Can You Save Too Much in a 401k? The Sequel
Welcome to part 2 of the big question of whether you can save too much in a 401k. I know what you’re thinking after last week’s email – “This is great and all, Dan. But I participate in a traditional 401k. How about covering that?!?” Well, fortunately Nick also broke this down for a traditional 401k, but he admits it is a more complex analysis here.
The big difference when looking at contributions to a traditional 401k vs a Roth 401k is contributions to the traditional 401k go in before taxes. So, we need to adjust our contribution amounts to reflect this difference. The assumption here is you are in a 24% tax bracket while working and also the same bracket in retirement. To make the tax-adjusted contribution so we can compare it to the $10,000 annual contribution we need to make the actual 401k contribution an amount of $13,158.
Side note – if you know with 100% certainty your tax rate in retirement will be identical to your rate while working, well, it makes no difference if you are saving in a traditional 401k or a Roth 401k. Here is where it gets complex. If this assumption is true, then the factor that makes a difference when considering the benefit of a traditional 401k is the difference between your tax rate when working and the tax rate when retired.
Here is where you need to take the time and read this article on Nick’s site because he has included a great chart illustrating the benefits. However, since I cannot share the chart easily here I wanted to share his conclusion and I’m going to quote him – “as your tax rate in retirement increases, the annual benefit of contributing to a traditional 401(k) decreases, relative to a taxable account.”
Nick goes on with his conclusions. He states the benefits of a traditional 401k get are completely nullified once your retirement tax rate gets too high. In his example and using the assumptions I mentioned earlier, this magic number is a retirement tax rate of 34%. Basically, with a retirement tax rate this high and avoiding paying the 24% tax rate when you were working, you simply traded paying a current 24% bill now to instead pay a tax bill at a 34% rate. Ughh. Bad deal, except for Uncle Sam.
So, where does this leave us? Well, if tax rates go up in retirement significantly then any gains you made in your traditional 401k could be completely wiped out. A similar argument could be made if capital gains rates go up for taxable accounts.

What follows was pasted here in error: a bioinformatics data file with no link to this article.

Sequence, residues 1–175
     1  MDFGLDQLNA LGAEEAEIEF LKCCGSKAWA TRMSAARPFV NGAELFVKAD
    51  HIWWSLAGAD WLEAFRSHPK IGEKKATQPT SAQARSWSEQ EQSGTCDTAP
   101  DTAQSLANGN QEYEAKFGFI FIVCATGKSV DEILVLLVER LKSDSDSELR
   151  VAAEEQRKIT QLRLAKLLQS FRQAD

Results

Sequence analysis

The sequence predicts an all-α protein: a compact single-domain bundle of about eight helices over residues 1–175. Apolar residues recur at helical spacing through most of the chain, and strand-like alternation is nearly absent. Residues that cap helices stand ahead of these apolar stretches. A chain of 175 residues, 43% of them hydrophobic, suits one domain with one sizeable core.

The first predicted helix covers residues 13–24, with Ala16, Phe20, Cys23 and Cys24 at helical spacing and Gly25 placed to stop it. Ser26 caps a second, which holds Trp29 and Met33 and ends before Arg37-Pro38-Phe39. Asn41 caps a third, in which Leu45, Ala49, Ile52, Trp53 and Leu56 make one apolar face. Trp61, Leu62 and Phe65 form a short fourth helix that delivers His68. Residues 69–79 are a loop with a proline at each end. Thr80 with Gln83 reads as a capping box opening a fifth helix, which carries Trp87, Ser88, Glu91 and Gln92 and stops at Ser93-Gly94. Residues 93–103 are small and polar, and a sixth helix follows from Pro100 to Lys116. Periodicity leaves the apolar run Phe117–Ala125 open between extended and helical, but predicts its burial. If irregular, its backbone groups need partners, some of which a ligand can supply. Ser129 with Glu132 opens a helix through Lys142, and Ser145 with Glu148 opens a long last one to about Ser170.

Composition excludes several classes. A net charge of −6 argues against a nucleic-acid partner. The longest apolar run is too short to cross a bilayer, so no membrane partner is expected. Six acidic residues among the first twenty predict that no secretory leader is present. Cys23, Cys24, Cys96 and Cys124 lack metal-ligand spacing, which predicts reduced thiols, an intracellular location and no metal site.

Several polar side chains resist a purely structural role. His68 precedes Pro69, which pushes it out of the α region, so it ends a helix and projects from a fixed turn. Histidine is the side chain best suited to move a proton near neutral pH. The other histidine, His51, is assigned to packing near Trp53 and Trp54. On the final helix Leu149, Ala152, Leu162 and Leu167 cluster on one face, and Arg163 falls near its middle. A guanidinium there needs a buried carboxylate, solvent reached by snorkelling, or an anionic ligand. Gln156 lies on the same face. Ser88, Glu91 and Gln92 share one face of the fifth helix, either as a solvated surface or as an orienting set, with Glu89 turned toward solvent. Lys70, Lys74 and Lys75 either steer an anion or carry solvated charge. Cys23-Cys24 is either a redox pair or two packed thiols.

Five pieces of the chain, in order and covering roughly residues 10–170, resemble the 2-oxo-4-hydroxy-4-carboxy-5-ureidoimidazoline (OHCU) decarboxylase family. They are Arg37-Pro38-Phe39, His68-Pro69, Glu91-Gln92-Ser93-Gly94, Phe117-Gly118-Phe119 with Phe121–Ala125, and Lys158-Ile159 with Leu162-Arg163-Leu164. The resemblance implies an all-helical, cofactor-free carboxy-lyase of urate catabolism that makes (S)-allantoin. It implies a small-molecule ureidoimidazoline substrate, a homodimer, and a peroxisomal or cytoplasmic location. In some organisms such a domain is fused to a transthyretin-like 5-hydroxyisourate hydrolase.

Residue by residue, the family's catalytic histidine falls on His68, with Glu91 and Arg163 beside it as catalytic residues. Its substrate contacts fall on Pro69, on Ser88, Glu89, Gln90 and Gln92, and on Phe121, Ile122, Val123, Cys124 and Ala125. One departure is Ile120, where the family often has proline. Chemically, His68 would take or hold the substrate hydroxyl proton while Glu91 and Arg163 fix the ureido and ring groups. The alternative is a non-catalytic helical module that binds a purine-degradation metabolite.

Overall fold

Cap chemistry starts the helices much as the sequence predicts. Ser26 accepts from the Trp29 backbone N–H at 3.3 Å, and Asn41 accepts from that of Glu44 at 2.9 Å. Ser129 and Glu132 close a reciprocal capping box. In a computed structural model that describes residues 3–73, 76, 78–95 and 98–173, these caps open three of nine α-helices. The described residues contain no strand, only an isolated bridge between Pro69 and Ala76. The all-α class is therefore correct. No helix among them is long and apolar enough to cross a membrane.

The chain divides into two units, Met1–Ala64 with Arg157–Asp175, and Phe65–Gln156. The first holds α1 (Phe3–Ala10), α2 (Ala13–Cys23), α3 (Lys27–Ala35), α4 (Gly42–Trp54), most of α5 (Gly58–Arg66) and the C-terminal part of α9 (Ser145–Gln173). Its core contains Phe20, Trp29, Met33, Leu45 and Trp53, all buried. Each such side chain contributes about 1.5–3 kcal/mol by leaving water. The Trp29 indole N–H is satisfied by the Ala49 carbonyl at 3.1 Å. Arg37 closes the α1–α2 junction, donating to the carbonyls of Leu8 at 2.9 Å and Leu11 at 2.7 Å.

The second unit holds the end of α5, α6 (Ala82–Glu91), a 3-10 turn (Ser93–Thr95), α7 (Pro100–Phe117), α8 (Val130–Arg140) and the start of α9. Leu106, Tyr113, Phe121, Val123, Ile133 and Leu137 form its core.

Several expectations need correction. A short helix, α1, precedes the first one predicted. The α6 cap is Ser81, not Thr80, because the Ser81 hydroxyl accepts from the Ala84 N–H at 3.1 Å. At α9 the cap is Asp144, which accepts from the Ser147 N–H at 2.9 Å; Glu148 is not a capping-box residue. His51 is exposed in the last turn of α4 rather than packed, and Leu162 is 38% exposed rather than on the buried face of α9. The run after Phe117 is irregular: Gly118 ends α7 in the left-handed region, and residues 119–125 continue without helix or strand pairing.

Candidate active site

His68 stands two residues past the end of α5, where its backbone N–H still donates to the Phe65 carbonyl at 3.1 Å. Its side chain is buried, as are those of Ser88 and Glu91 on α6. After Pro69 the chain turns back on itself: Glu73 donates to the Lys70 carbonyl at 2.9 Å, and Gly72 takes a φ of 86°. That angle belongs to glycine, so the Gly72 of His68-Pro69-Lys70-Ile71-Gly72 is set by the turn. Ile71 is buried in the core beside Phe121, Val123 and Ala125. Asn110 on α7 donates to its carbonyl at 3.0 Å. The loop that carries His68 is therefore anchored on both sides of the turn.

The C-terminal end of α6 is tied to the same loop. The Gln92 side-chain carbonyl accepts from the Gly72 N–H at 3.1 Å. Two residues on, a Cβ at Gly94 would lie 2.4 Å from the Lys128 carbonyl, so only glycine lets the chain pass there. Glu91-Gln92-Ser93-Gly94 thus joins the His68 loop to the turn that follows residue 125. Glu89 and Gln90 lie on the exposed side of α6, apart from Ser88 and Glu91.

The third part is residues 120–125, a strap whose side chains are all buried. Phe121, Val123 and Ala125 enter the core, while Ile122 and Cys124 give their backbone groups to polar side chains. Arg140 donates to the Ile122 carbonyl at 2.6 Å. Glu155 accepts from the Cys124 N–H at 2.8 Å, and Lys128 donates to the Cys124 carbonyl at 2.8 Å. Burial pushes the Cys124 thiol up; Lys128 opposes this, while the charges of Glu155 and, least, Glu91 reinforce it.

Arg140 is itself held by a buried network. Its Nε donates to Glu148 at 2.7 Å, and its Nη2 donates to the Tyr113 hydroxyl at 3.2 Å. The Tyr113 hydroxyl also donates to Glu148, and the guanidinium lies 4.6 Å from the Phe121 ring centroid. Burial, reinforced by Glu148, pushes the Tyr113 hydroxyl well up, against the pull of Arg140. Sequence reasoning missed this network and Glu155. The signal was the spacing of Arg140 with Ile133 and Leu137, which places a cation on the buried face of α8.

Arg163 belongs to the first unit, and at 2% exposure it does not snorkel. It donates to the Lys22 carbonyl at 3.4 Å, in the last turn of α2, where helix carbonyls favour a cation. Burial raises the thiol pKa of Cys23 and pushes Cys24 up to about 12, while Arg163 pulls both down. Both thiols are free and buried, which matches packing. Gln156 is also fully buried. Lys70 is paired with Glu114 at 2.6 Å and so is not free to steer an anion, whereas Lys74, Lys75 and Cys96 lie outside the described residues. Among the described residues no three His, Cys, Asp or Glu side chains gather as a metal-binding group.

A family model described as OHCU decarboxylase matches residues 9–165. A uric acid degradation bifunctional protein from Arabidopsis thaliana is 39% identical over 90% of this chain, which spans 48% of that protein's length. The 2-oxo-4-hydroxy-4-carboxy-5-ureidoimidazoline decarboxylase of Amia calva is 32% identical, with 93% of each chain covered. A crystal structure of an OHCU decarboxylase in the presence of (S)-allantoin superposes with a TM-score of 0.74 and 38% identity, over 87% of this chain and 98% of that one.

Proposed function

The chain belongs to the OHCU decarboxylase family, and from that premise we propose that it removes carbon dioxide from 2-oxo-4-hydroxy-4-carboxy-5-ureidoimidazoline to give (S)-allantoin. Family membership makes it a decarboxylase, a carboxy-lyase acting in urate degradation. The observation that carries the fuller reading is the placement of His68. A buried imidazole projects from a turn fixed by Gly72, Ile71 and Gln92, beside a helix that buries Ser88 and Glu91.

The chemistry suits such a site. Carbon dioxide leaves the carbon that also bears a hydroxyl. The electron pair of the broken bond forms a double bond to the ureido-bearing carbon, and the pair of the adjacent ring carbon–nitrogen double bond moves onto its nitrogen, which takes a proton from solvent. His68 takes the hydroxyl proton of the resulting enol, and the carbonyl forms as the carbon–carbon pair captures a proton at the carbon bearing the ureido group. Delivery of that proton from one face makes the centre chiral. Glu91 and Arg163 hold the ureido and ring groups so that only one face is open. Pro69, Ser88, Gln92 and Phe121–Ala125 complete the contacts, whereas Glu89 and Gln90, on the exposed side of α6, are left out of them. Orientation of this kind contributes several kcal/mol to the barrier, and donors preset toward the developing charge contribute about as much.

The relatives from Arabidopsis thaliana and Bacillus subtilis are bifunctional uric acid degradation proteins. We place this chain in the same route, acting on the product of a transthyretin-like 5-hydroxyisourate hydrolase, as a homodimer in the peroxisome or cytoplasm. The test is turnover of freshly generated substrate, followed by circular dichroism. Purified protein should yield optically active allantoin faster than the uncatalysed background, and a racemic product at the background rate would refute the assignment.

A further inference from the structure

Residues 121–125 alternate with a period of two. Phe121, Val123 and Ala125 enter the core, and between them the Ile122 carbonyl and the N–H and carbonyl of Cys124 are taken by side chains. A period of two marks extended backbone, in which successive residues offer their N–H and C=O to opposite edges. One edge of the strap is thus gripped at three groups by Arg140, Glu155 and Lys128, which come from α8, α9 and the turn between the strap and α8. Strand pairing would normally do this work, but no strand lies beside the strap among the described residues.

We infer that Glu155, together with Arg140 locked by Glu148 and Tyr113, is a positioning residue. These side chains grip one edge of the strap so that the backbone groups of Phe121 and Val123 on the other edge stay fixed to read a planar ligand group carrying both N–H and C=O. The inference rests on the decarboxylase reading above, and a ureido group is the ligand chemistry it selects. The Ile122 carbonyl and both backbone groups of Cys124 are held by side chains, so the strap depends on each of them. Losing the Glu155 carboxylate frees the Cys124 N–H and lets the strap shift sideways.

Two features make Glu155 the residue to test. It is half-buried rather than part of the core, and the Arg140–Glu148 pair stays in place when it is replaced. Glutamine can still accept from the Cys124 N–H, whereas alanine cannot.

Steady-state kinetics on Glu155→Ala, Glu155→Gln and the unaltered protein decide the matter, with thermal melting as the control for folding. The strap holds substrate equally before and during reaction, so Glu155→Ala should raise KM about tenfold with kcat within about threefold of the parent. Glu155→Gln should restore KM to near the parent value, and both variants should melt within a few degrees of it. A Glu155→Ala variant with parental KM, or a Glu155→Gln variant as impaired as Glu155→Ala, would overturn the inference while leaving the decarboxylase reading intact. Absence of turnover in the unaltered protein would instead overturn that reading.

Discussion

Ultimately, no one knows what will happen with tax rates in the future. The assumption/fear sale technique has always been rates will go up. This has been said for years and years. Somehow Congress and the White House have been able to push that down the road time and time again. There’s a whole new school of thought about Modern Money Theory that basically says – ah, don’t worry about it.
Getting back on where this leaves us. First, no matter current or future tax rates, it makes sense to max out your employer match. Beyond that point is where you need to start looking at things such as the internal expenses in your 401k plan and also things like – would I ever need some of this money before retirement? In those situations it may make sense to consider utilizing a low-cost buy and hold strategy in a taxable account.
One final thought on this whole consideration, including whether to go the Roth 401k or traditional 401k route vs a taxable account. First, a big benefit of participating in a 401k is the ease of use and staying disciplined with your investments. Your contributions automatically come out of your pay before you have a chance to touch (spend) it. Plus, you know if you liquidate it early you will be socked with a penalty as well as adding to your taxable income bill for the year. Putting the money automatically into a taxable account is not as direct and knowing you have readily accessible money can be very tempting for many people. Even if your 401k investment expenses are at or above the national average, it may be worth paying that additional expense to keep you disciplined and regulated with your retirement savings. As always, something to talk to your CFP® about.
I lied. One more final thought based on some feedback from last week’s article. And I admit I should have mentioned this before. This entire analysis assumes you are paying little to no fees to your financial advisor. I know I’m the outlier by charging a flat fee regardless of asset size. Most advisors charge a percentage of assets, which often starts at 1%. Once you add in the investment expenses this fee can double to 2%. You may also have additional indirect fees if your advisor is actively trading your account as those fees include trading expenses and taxes. Ultimately, this is just a reminder to be fully aware of the fees you pay your advisor and bring them into this consideration.